Fuel Prices Jump, Gas Up 20%, Diesel Climbs 10% Since January

By Michael Acampora on 3 April 2012
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If you’ve filled your car’s tank recently, you almost certainly noticed you were paying more.  Since the start of 2012, diesel fuel prices have climbed by almost 10% while gasoline prices rose 20%, according to the U.S. Energy Information Administration.

As of Monday, diesel cost an average of $4.142 per gallon, a 9.5% increase since January, and a 4.175% ($0.166) increase from the same period last year.

Gasoline prices have also continued to rise nonstop, hitting $3.941 per gallon this week, up 19.5% since January, and 6.976% ($0.257) from the same period last year.

In the commodities market, the price of one gallon of gasoline closed Tuesday at $3.40, an 11-month high.

One of the main reasons for the continued increase in fuel prices over 2011 figures is the loss of oil refineries in the Northeast and the U.S. Virgin Islands. Refineries in the Northeast don’t have access to much of the crude oil produced in the Midwest due to an insufficient number of pipelines and, as a result, have to import more oil from overseas.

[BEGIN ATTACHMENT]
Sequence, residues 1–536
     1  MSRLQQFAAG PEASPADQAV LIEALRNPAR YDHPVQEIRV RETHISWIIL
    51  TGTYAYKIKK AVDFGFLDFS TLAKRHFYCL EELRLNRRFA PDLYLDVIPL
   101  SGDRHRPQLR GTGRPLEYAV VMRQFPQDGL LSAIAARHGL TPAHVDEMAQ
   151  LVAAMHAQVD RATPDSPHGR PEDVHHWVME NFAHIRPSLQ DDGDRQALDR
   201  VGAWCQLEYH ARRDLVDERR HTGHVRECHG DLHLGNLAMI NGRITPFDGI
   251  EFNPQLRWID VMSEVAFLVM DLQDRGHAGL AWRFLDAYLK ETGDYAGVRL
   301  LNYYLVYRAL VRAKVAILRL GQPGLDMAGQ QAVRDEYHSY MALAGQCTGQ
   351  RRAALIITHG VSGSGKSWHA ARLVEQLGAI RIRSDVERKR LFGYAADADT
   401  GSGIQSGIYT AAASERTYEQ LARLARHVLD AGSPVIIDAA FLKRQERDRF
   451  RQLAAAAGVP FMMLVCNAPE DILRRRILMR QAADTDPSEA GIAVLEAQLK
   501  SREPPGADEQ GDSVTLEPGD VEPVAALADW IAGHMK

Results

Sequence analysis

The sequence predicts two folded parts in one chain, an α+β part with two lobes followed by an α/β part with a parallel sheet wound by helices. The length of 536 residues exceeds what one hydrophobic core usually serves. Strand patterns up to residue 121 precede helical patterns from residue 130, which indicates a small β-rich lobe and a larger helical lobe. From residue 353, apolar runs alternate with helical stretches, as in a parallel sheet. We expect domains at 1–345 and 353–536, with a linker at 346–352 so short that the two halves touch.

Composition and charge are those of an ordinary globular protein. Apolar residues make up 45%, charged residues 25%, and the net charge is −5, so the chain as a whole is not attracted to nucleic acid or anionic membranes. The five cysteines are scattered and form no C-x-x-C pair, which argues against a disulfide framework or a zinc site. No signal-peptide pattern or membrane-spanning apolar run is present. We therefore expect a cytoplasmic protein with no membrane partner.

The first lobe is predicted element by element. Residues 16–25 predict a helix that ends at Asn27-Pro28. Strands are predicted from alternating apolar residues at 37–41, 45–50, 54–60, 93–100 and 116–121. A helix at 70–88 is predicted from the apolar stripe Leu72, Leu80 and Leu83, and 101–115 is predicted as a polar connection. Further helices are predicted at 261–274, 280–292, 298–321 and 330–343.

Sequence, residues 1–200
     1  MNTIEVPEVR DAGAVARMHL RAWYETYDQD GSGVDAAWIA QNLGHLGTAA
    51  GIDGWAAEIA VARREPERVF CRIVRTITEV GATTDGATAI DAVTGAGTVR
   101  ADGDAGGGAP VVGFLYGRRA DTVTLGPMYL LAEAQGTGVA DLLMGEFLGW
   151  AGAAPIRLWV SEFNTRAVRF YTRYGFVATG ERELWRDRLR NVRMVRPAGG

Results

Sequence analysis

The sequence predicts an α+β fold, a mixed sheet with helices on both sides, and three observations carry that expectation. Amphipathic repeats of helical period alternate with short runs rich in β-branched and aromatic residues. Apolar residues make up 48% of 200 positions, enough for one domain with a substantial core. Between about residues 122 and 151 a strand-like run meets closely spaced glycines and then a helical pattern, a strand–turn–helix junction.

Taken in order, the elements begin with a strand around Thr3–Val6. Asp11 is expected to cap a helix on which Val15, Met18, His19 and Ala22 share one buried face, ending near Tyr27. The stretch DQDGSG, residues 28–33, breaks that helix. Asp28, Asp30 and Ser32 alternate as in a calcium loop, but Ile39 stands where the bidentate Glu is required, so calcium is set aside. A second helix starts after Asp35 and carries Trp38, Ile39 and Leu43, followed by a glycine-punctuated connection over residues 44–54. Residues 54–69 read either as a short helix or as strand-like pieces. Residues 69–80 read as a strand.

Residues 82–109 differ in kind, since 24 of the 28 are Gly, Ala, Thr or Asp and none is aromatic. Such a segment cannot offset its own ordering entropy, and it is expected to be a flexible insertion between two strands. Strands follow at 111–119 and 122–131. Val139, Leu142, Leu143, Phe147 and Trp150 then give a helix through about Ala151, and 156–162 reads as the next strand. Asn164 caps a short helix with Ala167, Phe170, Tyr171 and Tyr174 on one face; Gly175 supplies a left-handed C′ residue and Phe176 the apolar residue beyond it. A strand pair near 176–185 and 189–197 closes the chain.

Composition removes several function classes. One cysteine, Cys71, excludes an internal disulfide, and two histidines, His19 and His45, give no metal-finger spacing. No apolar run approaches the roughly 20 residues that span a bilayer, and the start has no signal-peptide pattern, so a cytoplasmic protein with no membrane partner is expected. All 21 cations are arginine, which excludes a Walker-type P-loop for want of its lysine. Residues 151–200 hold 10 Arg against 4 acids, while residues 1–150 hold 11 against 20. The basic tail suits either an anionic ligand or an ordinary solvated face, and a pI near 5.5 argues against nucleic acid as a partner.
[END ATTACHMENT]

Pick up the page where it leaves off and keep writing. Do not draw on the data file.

Sunoco, one of the country’s largest refiners, recently announced they would close a major Northeast refinery in July, taking as many as 335,000 barrels per day of refining capability off the market.

Hovensa, is a joint venture of Hess, a U.S. oil company, and Petróleos de Venezuela located in the U.S. Virgin Islands and one of the world’s largest refineries, announced in January that it plans to close its refining operations, following a $1.3 billion loss. The refinery’s loss was a result of weak demand and high operating costs, though it will continue operating as an oil storage facility in the future.

Earlier this year, the U.S. Department of Energy warned of the possibility of a oil shortfall in the Northeast as early as July, which could lead to both diesel and gasoline prices hitting the $5 per gallon mark.